As I deposited the bags that carried the ashes of my blown apart life, into the bedroom that held a much younger idealistic self, there on the bed, sat a drastic reminder of my messed up existence. The crown I’d been given it at homecoming, taunting me from it’s spot. Where did it all go so wrong? I was sure I had gotten everything right this time.
I held in my clear distaste for the fact my Mum had left my childhood room the exact same I had left it. I wonder if those sheets had been on there for ten years, in anticipation for this very moment?
Running my hands over my face, I could feel the beginning pangs of a stress headache brewing up a storm inside my overly worked brain. I wonder if Harvey, the smoking surfer, still hung out on the corner selling kids weed to ′expand their minds′ so he put it whenever he got arrested. I could do with something to numb the slap of this cold realisation.
Knocking on the door, I waited apprehensively, “come in.” My father’s study door, still white with the thick smell of cigar’s seeping out from under it. The exact door I would wait for him for hours to come out of, convinced, I could not go to bed until he had chased away all the monsters with his powerful daddy presence. Funny how ludicrous and distorted we see things.
“Hey Daddy,” I popped my head in, not really looking at him before pulling my head back and going to shut the door.
“I said come in, Paxton – Rose.” I rolled my light bluish/grey eyes groaning softly - incidentally, my eyes falling upon the exact same coloured ones watching me shuffle in from the hall. My father still sat in the same high backed, swivel, red leather chair he always had, at the same reddish brown timber desk with his hands enlaced in front of him. His short grey hair and now grey beard nicely trimmed - as always - and those haunting light bluish/grey judgemental eyes staring me back. All while his vast library of knowledgeable books lined up perfectly behind him, always teasing me with their known smarts.“How have you been?”
I tucked my light brown wavy hair behind my ear, “fine... you?”
“Fine, though I distinctly remember the last time we saw each other, you were adamant on never stepping foot in this town again?”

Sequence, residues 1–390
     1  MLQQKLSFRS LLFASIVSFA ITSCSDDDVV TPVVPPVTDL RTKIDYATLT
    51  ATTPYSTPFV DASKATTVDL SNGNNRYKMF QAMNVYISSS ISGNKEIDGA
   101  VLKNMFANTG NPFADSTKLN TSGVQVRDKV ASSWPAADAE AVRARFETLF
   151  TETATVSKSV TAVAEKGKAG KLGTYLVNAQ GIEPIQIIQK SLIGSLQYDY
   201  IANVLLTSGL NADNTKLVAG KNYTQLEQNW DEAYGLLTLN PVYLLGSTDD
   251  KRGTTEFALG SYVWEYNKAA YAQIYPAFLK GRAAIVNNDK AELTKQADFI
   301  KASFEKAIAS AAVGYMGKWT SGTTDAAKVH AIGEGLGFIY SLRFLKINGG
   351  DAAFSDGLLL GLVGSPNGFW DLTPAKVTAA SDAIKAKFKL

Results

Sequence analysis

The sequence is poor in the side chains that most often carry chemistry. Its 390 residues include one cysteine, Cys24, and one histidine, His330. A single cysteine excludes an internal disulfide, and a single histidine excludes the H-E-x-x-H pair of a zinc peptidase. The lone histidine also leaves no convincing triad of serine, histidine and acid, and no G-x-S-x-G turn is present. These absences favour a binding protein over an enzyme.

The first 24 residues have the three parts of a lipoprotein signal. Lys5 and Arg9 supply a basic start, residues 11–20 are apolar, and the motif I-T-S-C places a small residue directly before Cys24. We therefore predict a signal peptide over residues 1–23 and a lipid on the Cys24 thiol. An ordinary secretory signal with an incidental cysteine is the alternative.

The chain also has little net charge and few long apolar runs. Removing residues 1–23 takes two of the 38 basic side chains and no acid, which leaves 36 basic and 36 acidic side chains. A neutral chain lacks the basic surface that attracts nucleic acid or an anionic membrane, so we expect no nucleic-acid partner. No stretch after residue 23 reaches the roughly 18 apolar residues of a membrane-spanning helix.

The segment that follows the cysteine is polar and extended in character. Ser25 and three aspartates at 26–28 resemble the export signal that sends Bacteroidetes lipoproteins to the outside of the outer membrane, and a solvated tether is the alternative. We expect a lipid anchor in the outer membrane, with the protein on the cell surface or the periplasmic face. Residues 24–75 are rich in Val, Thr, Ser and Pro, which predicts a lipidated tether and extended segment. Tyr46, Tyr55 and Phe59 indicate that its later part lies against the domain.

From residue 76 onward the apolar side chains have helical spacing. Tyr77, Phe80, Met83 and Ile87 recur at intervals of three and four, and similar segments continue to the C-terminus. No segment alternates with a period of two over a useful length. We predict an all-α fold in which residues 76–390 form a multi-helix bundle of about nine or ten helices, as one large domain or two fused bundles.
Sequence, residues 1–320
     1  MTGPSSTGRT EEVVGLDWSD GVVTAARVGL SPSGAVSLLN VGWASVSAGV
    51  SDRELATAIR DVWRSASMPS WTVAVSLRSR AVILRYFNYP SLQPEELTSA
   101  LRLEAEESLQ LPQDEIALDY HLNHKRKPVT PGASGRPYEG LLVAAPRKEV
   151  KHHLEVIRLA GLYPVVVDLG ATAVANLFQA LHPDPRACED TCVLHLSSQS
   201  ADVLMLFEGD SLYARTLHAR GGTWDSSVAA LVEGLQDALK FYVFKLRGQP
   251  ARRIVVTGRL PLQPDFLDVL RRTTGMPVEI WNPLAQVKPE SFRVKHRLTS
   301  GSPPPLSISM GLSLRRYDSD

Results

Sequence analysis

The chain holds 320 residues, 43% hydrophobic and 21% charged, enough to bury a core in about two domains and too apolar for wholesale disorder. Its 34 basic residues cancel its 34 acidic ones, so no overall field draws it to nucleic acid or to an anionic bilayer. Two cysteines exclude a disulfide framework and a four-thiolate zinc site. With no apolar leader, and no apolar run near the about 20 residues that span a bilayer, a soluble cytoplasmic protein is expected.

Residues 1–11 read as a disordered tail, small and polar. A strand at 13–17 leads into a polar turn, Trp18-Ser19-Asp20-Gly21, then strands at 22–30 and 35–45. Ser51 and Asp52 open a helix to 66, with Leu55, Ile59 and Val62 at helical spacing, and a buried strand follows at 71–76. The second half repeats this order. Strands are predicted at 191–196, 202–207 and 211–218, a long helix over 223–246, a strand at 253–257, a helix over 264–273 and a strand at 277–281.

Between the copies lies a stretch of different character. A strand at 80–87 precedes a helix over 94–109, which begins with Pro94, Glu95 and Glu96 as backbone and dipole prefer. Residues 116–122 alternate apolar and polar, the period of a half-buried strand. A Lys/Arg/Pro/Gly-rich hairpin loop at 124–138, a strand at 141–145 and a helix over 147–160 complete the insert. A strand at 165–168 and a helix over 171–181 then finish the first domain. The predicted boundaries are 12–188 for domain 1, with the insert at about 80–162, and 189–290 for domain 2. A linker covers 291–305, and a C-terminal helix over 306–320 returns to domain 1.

“Daddy, I came to see you and Mumma, I could have easily wallowed in my apartment in the city but no, I decide to drive all this way only for you to give me a hard time the moment I arrive.” Not entirely true but it’s not like they really need to know that.
“I’m sorry baby, it’s just a surprise is all.”
“You’re telling me...” I stated, “anyway, I’ll see you later.” My growing need to escape this wretched torture near on breaking point.
“Fine, fine, inform your mother I shall be out soon, will you?”
“Yes, Daddy.” I cringed as the words come out, he was a bastard to me now, just like the others. My senior year was when the breakdown occurred, that year my father went from my hero to my betrayer all in a matter of a split second. I closed the door behind me, groaning painfully as the air finally fills my lungs and the tense, hostile atmosphere, now left to guard the door from the inside.
How could she stay with him? After everything he had done and she stayed - loving him -pretending like everything was fine. She was a fool and now, I remember why I stayed away.
“Mumma, he’ll be down in a little while.”
“Thank you, baby. I thought you and I...” I grabbed my keys heading for the door, “where are you going?”
“How could you stay with him after what he has done?” My tone was set to hurt, why? Because I hurt. After all these years and they pretend like nothing has happened, like they are the picture perfect family. No wonder my life was so messed up and I couldn’t keep my shit together.
She wiped her hands on her tea towel, “baby...”
But I wasn’t ready to hear her excuses, it was time to get the fuck out, “forget it, I’ll be back later.”